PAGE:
Wynn Resorts' first-quarter net income grew 12 percent as strong gambling revenues from its growing operations in Macau offset a small decline in gambling income at its Las Vegas casinos.
CEO Steve Wynn said Thursday that he feels the economy is turning a corner in hard-hit Las Vegas, where the company operates the Wynn and the Encore resorts. The company also operates Wynn and Encore casinos in Macau, the Chinese gambling enclave, and is working on a $4 billion resort there dubbed Wynn Palace that is expected to open in the first half of 2016.
Occupancy at the resorts in Macau climbed to 98 percent from 94 percent the year before.
Gambling revenue fell 12 percent at the Las Vegas properties, but the hotel business did better. Occupancy rose, to 88 percent from 83 percent. Retail and entertainment revenue — which includes spending at casino shops and spas — rose more than 9 percent.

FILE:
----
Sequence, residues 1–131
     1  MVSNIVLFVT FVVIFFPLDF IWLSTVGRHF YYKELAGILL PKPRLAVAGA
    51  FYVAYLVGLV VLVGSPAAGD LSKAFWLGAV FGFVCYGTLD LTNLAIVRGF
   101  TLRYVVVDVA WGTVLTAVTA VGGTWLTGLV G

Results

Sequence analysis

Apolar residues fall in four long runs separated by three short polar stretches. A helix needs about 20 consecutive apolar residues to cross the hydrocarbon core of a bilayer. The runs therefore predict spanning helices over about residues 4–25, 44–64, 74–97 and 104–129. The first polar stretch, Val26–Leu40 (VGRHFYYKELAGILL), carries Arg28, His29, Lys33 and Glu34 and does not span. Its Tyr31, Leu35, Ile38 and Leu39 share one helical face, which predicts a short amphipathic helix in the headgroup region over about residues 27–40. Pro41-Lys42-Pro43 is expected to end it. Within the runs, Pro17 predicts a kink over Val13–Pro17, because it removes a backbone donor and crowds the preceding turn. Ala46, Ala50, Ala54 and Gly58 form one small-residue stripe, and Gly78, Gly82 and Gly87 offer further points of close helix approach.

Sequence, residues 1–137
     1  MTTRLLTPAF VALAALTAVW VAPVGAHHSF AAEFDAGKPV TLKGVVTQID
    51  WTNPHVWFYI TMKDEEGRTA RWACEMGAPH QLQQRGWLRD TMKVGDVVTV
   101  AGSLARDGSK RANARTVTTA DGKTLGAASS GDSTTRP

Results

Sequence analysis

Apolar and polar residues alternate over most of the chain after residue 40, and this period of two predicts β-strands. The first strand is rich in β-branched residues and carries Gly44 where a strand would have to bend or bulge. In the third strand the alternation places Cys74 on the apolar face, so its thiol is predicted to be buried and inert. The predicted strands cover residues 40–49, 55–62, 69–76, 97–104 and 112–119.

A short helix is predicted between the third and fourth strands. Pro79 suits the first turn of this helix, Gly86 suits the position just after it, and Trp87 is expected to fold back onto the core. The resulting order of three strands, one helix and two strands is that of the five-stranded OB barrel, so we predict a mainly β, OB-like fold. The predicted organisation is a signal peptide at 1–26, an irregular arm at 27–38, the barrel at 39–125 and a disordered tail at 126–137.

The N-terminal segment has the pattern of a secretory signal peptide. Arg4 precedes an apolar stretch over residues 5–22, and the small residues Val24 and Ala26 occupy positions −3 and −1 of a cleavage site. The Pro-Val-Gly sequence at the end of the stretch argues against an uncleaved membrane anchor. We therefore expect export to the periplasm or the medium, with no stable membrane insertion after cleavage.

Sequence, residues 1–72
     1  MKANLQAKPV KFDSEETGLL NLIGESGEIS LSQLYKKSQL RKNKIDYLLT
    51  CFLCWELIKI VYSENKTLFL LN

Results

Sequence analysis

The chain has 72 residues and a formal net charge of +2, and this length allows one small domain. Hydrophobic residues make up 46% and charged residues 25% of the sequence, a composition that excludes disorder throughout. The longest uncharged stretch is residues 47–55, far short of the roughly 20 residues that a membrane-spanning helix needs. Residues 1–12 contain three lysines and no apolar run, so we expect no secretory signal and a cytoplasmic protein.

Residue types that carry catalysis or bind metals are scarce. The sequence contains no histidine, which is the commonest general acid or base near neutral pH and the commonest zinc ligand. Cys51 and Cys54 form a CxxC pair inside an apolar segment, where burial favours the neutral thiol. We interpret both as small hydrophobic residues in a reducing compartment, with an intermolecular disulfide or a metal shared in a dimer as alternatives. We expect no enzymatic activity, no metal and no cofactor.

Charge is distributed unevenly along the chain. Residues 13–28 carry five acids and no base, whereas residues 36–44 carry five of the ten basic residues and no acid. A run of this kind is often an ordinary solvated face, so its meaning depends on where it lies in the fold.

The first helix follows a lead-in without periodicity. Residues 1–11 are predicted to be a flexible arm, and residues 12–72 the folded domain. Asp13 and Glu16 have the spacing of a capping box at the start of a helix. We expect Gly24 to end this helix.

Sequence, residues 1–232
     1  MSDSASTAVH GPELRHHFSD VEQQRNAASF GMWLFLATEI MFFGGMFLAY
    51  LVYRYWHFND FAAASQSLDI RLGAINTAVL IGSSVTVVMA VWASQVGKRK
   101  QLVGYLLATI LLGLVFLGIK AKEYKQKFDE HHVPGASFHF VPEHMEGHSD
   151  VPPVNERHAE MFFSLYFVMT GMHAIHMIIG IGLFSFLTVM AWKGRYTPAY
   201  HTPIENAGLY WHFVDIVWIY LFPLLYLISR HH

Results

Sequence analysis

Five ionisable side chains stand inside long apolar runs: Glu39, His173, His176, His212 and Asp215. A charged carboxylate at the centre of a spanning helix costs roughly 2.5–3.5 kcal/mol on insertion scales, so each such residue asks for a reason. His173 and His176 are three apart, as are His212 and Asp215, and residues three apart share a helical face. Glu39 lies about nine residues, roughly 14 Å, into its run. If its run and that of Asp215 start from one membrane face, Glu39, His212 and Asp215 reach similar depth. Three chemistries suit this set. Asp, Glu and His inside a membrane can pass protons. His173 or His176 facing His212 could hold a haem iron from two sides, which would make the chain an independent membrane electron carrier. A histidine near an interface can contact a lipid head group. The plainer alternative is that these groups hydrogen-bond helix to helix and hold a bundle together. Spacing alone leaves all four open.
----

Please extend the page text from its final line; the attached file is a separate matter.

The casino operator reported that it earned $227 million, or $2.22 per share, for the period ending March 31. A year earlier it posted profit of $203 million, or $2 per share, during that period.
Excluding one-time items, earnings came to $2.32 per share, beating analysts' prediction of $2.06 per share.
Revenue rose 10 percent, to $1.51 billion from $1.38 billion. Wall Street predicted $1.49 billion, according to FactSet.
Wynn's stock rose 3.1 percent to $213 in aftermarket trading. The stock closed up $2.74, or 1.3 percent, to $206.63 during regular trading Thursday.